Delivered by Michael in a sacrament meeting of the Church of Jesus Christ of Latter-day Saints, Cincinnati Young Single Adult Branch Conference, Cincinnati Ohio North Stake, Sunday 21 November 2010 as Branch President
Eleven years ago, my family took a spring break skiing trip to Colorado. We couldn’t afford to fly, so instead we bought new tires for the van and made the 20 hour drive each way. Since we would be driving on Sunday, I figured that if we drove a long day on Saturday, we could get up and go to church the next morning and get to Denver by evening. Now to be honest with you, worshiping was not my primary objective for going to church. Since the rest of the trip was going to be pure pleasure, I thought we ought to do something educational and I figured that Salina, Kansas was a great place to have a social experience that we hadn’t had before—and would probably never have again.
Folks were very nice to us as we arrived, and when we sat down in the chapel, the bishop came and introduced himself to us. When I explained that we were just passing through, he asked what every bishop asks a family who is willing to show up unannounced at church: “Have you ever thought about moving to Salina?” I laughed and thought to myself “Yea, for about two seconds.” Even though the format and structure of the meetings were familiar, I felt like a stranger. About half way through the testimonies, I realized that the strangeness was largely my own doing. I was attending not as a participant, but as an observer. Like an anthropologist studying some outback tribe, I had created the distance myself.
I then thought about my own experience with the LDS church community and all the ward families with whom I have been associated. I grew up in the church and have always been involved—been what we Mormons like to call “active” in the church. And for much of my early life, I was just that: actively busy in my participation at church, much like a well-developed habit of balanced nutrition and exercise. But because it was mostly just a habit, I’m not sure how much I really thought about what I was doing. This habit of activity was made permanent when on my way home from my mission, I made a conscious choice that I would always be active in the church. However, a few years later, I realized that that meant that I had to move away from the West. I knew that if I were to stay active in the church, I could not live there. I have nothing against the West; I have dear friends and family who still live there. But I decided that staying active in the church was more important than being geographically close to family.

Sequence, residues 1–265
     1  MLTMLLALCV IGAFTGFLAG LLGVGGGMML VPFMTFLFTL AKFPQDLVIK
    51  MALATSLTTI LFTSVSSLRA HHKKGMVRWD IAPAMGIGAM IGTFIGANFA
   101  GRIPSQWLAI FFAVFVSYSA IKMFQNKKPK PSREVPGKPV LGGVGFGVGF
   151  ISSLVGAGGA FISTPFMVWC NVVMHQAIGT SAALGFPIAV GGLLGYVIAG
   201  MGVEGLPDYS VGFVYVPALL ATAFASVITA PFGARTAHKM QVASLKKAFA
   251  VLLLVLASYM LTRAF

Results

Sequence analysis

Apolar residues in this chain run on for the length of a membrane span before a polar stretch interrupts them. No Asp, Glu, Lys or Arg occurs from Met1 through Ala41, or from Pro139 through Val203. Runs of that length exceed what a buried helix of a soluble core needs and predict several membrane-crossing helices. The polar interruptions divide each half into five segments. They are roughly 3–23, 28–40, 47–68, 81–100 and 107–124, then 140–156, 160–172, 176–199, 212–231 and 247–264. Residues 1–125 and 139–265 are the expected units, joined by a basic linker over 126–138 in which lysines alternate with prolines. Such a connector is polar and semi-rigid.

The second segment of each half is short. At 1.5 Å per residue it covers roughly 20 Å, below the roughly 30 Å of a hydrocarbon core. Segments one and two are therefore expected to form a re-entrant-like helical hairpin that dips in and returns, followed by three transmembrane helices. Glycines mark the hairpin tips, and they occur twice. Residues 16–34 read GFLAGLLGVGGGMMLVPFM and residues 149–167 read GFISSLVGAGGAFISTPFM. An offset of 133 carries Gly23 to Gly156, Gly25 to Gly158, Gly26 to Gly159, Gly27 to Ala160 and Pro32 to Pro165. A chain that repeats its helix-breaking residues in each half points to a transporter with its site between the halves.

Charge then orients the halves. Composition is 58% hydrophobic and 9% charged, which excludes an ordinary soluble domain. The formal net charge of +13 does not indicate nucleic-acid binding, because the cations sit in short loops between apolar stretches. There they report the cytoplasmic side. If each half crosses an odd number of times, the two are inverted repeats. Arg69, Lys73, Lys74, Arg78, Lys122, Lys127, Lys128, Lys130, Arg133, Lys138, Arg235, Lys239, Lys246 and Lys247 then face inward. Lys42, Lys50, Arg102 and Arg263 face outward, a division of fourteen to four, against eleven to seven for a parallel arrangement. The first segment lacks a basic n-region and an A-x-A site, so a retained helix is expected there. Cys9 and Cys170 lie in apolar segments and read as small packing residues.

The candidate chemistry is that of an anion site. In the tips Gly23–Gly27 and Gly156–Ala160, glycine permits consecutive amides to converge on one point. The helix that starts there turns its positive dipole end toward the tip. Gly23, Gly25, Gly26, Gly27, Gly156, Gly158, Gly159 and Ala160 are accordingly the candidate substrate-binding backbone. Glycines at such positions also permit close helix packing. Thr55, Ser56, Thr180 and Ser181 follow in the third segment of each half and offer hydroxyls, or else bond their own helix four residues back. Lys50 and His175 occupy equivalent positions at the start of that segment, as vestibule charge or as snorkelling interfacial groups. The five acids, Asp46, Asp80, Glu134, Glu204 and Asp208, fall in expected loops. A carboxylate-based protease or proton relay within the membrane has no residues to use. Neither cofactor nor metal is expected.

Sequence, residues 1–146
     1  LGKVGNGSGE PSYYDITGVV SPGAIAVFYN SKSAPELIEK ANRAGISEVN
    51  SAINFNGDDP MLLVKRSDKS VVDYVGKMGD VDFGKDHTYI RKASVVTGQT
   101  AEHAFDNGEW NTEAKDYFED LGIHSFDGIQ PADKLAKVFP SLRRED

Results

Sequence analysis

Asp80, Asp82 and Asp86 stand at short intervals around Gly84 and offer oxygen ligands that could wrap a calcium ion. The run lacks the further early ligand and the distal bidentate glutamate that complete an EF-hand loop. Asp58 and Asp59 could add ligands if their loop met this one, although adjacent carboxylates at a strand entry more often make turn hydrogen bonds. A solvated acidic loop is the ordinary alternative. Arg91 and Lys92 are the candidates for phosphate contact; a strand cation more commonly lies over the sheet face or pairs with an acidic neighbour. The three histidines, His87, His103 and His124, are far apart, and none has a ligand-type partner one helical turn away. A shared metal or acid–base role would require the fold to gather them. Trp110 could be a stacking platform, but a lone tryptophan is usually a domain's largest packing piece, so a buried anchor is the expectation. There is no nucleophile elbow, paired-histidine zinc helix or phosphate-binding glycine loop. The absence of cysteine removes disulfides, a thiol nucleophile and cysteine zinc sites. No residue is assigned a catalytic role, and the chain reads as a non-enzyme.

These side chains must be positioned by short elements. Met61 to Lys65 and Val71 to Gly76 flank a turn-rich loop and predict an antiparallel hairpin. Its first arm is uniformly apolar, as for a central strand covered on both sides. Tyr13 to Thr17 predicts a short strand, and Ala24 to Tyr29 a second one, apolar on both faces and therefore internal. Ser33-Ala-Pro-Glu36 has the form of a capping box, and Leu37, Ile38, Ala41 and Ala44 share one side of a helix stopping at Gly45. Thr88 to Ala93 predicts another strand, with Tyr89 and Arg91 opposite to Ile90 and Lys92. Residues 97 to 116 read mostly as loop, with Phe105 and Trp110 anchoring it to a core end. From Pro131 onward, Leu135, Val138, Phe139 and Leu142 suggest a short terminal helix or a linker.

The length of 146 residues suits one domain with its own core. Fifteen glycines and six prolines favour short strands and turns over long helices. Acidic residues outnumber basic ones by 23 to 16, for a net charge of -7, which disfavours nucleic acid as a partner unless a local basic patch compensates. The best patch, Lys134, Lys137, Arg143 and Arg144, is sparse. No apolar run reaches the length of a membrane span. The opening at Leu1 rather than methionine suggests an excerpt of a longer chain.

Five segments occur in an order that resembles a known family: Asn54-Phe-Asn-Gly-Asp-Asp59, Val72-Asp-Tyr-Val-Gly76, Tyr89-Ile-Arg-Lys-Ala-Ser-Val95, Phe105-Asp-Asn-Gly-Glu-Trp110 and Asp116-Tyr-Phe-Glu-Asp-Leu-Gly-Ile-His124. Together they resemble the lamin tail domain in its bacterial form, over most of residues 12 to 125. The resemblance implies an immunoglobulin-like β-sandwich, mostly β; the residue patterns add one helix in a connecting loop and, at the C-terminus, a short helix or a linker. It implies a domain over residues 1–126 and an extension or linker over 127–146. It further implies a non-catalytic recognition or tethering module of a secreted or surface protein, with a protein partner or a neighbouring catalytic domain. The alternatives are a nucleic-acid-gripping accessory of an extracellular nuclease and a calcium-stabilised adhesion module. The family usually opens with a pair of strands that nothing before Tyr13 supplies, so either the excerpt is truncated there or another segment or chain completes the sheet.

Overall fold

As I sat there in Salina, I then realized that at some point in graduate school, I started to move beyond this habitually active phase of my church participation. Moving away from the Idaho-Utah environment gave me the opportunity to look at that participation from a new perspective. At the same time, I started to discover some of the real warts on our Mormon faces. There are things about us as a people that aren’t very pretty—and not that we have any more than anyone one else. The fact is: we have them. I did a lot of soul searching and was finally able to make the transition into what I now think of as a second phase of my participation in the church. I started describing this phase as one of committed participation. Despite everything else that came my way, I knew I had a strong testimony of the gospel and I was going to remain committed to the church.
This commitment was put to the test the night of the 1988 Wilmington West Ward Christmas party. Nancy offered to stay home with three month old Stella who was sick—and with Soren, who was being punished by an over-zealous father for committing what at the moment seemed an egregious infraction. So I went to the party with our five year old and two year old. Because the ward was huge and on the verge of being split, over three hundred people were there and I easily got lost in the hustle and bustle of the chaos around me. I seemed to be doing fine—at least until after the tables had been cleared away and I found myself sitting on a chair with one child on each knee facing the stage watching the program. Suddenly, I looked around me at all of these people. It seemed that I was sitting in the midst of strangers. And I had to admit that not only did I feel very alone, I also had to admit that I really didn’t love any them and that these were not my kind of people. In a panic, I gathered up my children and we left. By the time I got them in their car seats and headed home, I was sobbing uncontrollably. The kids sensed that I was emotionally distraught and were quiet the very long twenty minutes home.
During the rest of that night, I wrestled with my earlier decision to stay active in the church. I was having a real crises of participation. What came out of the struggle for me was the beginning of an understanding of what it meant to be committed. It was a commitment based largely on faith, hope and duty. I chose to continue participating because I knew that I was supposed to and that it was the best thing for me and my family. I didn’t necessary always like it, but I came. And I kept coming for the fifteen plus years this phase lasted.